How to Talk to Kids About Arthritis

When your arthritis pain flares up, your family life is disrupted and everyone is affected. Children may overhear conversations or simply notice a change in routine, and suspect that something is very wrong. On bad days, you may need to rely on family members, friends, or neighbors to do things with your children or grandchildren that you would normally do yourself.

Children have a strong radar for change, and if they don't know what's going on, they can easily become anxious and disturbed. Difficult as it may be, the best thing you can do is communicate information about your condition, and how it affects them, in a way that helps put their minds at ease.

1. Accept that you have to tell children something. They deserve an explanation so that they can adjust to or cope with unexpected changes in their lives.

2. Know your disease. When you understand exactly what arthritis is and how it affects you, you not only help yourself, but you are better able to explain your condition, limitations, and solutions to others.

3. Use age-appropriate language to discuss your disease and the difficulties it causes. Children need to understand the aspects of your disease that will affect them. For instance, very young children—between the ages of three and five—cannot understand most of the facts of your disease, but they need to know that they didn't do anything wrong, and that your low mood or low energy level has nothing to do with them.

4. Reassure them. Be sure children understand that, in spite of your limitations, their needs will be taken care of.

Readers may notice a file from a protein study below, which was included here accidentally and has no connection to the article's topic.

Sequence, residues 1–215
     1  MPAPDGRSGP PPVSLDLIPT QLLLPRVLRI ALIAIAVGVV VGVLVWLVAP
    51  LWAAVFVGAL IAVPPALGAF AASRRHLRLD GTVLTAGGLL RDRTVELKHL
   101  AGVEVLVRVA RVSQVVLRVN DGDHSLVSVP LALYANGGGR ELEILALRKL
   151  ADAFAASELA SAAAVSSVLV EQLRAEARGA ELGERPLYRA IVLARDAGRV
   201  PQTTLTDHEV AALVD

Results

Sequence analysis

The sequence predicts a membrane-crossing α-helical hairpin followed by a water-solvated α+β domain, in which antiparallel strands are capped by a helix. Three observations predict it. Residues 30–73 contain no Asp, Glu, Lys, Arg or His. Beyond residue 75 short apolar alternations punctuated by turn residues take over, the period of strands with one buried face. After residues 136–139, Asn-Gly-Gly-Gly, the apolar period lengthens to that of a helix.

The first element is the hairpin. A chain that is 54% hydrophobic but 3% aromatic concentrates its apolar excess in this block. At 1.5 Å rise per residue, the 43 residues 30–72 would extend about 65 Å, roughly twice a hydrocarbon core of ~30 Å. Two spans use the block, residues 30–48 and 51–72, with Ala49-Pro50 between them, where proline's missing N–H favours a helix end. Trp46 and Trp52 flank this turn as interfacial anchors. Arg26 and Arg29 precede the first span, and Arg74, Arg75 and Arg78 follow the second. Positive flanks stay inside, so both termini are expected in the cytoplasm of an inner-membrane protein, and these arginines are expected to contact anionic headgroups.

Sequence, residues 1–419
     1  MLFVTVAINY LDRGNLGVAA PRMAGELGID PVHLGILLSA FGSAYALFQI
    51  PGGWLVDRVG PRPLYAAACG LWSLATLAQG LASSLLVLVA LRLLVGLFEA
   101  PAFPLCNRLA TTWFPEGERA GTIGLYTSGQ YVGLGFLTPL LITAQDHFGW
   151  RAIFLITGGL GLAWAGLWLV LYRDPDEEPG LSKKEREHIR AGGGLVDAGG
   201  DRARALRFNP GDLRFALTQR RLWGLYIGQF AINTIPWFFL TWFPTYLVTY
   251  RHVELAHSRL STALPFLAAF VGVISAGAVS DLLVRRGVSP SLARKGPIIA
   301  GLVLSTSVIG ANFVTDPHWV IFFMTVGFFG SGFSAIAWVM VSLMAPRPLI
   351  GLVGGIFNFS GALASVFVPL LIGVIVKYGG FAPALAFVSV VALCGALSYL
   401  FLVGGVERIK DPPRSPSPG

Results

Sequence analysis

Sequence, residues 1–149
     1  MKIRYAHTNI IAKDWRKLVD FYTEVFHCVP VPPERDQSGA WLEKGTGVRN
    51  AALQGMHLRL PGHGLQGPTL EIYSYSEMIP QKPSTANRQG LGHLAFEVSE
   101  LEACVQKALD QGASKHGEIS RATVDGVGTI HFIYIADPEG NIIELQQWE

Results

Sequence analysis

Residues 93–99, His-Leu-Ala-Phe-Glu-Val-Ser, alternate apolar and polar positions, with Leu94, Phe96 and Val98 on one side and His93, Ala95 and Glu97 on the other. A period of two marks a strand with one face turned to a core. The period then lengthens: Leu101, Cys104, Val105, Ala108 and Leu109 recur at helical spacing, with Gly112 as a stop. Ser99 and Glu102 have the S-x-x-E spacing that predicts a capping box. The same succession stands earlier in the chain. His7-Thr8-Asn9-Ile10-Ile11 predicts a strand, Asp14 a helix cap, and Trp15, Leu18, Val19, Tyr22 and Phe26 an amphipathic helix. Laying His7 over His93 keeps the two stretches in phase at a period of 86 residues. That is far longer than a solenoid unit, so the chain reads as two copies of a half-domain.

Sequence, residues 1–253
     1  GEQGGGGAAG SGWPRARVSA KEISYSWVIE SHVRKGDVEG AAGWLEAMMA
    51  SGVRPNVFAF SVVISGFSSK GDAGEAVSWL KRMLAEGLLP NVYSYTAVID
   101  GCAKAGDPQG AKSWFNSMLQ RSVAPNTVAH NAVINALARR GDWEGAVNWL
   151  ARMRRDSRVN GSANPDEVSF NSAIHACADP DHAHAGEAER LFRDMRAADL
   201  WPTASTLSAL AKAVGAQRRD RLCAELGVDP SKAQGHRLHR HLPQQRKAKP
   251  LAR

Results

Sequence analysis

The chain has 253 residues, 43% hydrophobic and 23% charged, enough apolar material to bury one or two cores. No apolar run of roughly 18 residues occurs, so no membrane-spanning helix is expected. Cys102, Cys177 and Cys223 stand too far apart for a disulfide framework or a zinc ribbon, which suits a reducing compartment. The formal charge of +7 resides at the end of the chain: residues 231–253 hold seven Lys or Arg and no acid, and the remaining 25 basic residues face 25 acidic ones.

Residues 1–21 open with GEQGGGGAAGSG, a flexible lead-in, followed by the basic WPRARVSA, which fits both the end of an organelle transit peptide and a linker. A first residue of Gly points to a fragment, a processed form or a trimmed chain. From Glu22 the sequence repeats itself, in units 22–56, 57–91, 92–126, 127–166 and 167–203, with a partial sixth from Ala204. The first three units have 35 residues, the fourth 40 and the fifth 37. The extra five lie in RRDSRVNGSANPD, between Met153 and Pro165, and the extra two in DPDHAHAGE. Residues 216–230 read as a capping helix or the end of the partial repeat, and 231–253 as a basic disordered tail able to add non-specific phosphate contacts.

5. Encourage questions and answer any questions they may have as honestly and directly as possible. The questions children ask can let you know the limits of their understanding.

6. Accentuate the positive. Arthritis is manageable, so why not present it that way?

7. Communicate. Express your own feelings about having arthritis to encourage the children in your life to communicate theirs.

8. Encourage children to go on about their normal lives, playing, going to school, and being with friends, even if their routine has to change. Children need to know that you want them to continue to be happy and have fun even though you may not always be participating in their activities in ways they are used to.

9. Talk about your condition whenever you need to. Better to remind the kids why you're tired, and maybe a little grouchy, than to let them think they did something wrong.

10. Seek the help of a professional.
Speak with your physician or a social worker who knows how to address children's concerns and can help you cope with any issues that may come up relating to arthritis and your family.


Harvard School of Public Health: Plain Talk About Arthritis and Key Words

New York University Langone Medical Center: Straight Talk to Kids